I was drafted into music.
Because your sole memory of your father
was a man singing a tune in the gooseberry yard
to a toddler
could remember neither words nor melody,
I had to learn Bach,
Brahms, Rachmaninov, Haydn,
on a red accordion,
I had to put in
over thirty-two thousand hours of music
(not unlike the Nazis,
on your dainty wristwatch,
you meticulously kept track
of my every sitting
subtracted trips to the bathroom
carried out under your disapproving,
The hanging indentations and the fractured lines mimic continuity and breakages within families: the differences of generations, and yet the way we carry those before us with us. That music is something one might be drafted into, like the young into their parents’ wars, makes the music compelled and yet it represents what is shared within a family. So the speaker, in “Baba Bronya” can describe with dry humor being “test-child exposed to the burning reactor of my grandmother’s memory. In the first decade of my life, I receive a full dose of her—you—pravda [truth] as a daily injection.”
“What to do about the etymology of us? / Our etymology?” asks the speaker in “An Attempt at Genealogy.” (Mary Ruefle writes, “Every word carries a secret inside itself; it’s called etymology.”) Yet sometimes it is not secrets that inhibit a person’s knowledge of themselves and their family, but a silence growing from (forced) omissions and elisions. “An Attempt at Genealogy” contains twelve sections that sing, shout and whisper together through juxtaposition (Section 11: “The golden bones of my motherland are ringing!”). The poem’s final section shows how deep the ground is that the poet digs in, and how stratified the memory of the body—even when unknown—as it speaks to the Belarusian dead and offers the anaphoric lines “Put your bones into braids of graves…” and “Put your graves into braids of bones…,” closing with the imperative encouragement and instruction:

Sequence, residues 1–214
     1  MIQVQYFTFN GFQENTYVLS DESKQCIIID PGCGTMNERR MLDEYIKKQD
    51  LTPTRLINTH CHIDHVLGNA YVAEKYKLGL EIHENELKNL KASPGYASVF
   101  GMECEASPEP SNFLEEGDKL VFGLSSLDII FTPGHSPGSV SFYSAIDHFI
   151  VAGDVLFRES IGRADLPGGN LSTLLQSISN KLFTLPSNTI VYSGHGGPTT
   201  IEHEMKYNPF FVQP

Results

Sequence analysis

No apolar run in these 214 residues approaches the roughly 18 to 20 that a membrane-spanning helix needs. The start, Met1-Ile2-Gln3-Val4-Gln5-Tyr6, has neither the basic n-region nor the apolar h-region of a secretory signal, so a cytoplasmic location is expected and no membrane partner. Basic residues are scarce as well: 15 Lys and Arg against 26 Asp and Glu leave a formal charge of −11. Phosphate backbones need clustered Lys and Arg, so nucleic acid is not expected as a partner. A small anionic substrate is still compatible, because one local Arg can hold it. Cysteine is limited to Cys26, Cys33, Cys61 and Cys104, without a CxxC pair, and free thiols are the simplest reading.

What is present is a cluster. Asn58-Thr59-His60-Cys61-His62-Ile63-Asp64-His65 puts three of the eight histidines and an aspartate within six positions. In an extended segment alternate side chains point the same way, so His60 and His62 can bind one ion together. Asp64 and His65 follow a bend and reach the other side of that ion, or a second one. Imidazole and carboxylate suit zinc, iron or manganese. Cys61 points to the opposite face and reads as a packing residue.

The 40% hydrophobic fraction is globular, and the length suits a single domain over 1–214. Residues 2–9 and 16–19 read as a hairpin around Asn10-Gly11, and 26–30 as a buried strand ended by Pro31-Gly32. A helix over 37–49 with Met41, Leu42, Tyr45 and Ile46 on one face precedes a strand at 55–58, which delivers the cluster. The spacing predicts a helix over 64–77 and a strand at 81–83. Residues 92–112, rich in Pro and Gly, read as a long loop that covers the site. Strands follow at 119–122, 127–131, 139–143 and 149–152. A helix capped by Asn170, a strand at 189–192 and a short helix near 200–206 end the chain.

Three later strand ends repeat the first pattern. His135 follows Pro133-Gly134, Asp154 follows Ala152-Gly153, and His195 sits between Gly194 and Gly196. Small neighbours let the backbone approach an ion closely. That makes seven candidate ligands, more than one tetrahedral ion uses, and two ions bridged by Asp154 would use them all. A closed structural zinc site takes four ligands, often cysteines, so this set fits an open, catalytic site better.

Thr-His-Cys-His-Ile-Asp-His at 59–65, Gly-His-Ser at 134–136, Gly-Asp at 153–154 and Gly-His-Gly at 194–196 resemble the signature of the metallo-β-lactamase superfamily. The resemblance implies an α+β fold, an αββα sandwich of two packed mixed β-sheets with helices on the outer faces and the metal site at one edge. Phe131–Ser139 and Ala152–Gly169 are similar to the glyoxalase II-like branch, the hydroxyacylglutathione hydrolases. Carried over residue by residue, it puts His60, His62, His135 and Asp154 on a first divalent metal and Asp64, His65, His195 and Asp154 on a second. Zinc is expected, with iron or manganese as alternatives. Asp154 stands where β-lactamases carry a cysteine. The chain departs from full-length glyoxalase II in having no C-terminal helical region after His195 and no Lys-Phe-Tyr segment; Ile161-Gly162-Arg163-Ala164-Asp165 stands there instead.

Braid your bones neatly.
Braid your bones bravely.
Finger-comb your bones
into neat braids